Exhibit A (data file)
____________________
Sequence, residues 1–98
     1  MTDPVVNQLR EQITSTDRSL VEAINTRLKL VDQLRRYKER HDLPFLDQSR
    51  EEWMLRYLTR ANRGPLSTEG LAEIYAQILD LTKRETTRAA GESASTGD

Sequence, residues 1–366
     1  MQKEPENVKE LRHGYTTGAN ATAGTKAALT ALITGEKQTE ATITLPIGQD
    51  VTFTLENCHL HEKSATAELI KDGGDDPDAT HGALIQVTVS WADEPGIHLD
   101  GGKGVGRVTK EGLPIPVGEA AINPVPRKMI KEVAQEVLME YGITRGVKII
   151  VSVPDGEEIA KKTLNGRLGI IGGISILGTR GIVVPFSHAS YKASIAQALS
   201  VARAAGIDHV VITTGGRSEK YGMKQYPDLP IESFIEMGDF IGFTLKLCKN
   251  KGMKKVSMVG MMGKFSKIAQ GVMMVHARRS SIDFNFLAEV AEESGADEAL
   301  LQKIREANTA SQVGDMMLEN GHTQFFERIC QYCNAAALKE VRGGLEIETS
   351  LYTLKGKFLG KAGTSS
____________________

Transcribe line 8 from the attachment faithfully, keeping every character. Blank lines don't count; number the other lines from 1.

   151  VSVPDGEEIA KKTLNGRLGI IGGISILGTR GIVVPFSHAS YKASIAQALS